“The time to really start a team is in August – the beginning of the rugby year,” King said.
During the next few years, the team hopes to establish themselves as a contender for the Division III National Championship as well as a host to some of the East Coast’s premier “sevens” and “fifteens” tournaments, the website stated.
King said the Warriors style will be a mix of northern and southern hemisphere play.
“Southern hemisphere is fast all the time, everywhere,” he explained. “Hard and fast may not make sense all the time though. It may make more sense at times to be strong and patient.
“Southern hemisphere also shares the ball between the pack and the backs very well; with northern hemisphere there’s a little less sharing. I want everyone working the same as a team. If you’ve got 15 players on the field and only eight are doing the work, that’s wasting seven of them.”A focused team
King admitted that the Warriors are still a work-in-progress.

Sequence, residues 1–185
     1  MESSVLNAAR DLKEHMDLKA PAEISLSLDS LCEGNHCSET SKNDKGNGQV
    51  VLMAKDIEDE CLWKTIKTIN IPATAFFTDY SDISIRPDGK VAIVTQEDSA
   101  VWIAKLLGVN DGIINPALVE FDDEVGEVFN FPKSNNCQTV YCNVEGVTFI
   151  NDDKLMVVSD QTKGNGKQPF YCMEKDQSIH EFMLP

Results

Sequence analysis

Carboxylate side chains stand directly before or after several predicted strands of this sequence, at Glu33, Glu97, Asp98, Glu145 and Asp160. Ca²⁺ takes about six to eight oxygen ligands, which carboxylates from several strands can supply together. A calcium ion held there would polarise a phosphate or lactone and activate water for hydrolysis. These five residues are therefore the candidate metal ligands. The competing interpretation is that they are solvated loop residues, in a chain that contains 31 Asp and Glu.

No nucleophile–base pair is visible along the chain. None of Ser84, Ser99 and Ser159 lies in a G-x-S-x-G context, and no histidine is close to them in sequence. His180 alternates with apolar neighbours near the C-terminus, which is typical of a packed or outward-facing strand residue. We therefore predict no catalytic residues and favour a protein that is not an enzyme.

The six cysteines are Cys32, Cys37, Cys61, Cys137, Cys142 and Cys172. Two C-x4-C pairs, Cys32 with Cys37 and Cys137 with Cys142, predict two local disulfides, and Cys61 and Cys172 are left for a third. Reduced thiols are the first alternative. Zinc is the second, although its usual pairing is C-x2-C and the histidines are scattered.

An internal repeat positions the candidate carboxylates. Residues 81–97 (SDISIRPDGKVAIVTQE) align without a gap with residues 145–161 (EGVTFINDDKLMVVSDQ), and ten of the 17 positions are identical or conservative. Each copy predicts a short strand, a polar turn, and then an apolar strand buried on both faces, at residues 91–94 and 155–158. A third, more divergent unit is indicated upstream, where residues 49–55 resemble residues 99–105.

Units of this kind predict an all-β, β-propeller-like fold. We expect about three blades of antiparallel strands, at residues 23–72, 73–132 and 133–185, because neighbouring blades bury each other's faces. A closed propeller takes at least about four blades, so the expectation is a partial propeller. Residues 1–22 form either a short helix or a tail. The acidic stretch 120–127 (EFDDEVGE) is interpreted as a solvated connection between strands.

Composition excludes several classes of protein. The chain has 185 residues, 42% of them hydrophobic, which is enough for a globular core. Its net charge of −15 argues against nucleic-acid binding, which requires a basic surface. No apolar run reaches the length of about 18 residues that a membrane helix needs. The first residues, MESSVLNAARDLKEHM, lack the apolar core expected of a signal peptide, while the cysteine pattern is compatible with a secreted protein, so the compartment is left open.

“Our team’s not completed yet,” he said. “We’re still in our infancy; we’re still recruiting. But I’ve never coached a more focused group of guys.”
With players ranging in experience and in age (from 19 years old to mid-40s), King said the team is open to newcomers with a passion to learn to play.
“We don’t have any inexperienced players right now,” he said, “but we welcome inexperienced players.”
“If you’ve ever played before or even if you’ve never played before but maybe played other sports, rugby’s a lot of fun,” Zabor said. “It’s social, it’s fun, and any players can just come and join in. We welcome anyone who really wants to play.”
For more information, prospective players can visit www.chapelhillwarriors.org
In the popular 2009 film “Invictus,” Nelson Mandela (played by Morgan Freeman) calls rugby “a very rough game, almost as rough as politics.”
But with a bit of political polish and promotion, the Warriors could soon be providing a new athletic option for dozens of athletes who are either just trying rugby or who find playing the sport not half has painful as leaving it behind.